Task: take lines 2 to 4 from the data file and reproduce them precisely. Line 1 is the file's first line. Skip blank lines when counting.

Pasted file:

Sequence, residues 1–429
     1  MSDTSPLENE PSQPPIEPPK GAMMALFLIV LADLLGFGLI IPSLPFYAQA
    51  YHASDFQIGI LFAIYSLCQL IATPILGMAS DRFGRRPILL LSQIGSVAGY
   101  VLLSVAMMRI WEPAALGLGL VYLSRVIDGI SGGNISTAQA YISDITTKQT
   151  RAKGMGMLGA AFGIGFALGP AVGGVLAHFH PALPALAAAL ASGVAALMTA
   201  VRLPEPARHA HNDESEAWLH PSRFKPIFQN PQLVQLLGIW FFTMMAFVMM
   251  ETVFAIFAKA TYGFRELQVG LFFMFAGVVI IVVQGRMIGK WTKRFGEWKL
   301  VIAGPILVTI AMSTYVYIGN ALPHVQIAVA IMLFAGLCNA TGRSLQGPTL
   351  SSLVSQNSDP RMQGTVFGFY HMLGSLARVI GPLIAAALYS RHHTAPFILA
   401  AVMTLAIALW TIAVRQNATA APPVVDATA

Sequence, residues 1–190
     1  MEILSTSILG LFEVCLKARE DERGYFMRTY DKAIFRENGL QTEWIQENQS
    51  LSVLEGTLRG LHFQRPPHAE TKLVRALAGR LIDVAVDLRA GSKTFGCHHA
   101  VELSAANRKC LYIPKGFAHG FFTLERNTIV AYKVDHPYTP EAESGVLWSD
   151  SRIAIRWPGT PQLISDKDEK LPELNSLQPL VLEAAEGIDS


     1  MSDTSPLENE PSQPPIEPPK GAMMALFLIV LADLLGFGLI IPSLPFYAQA
    51  YHASDFQIGI LFAIYSLCQL IATPILGMAS DRFGRRPILL LSQIGSVAGY
   101  VLLSVAMMRI WEPAALGLGL VYLSRVIDGI SGGNISTAQA YISDITTKQT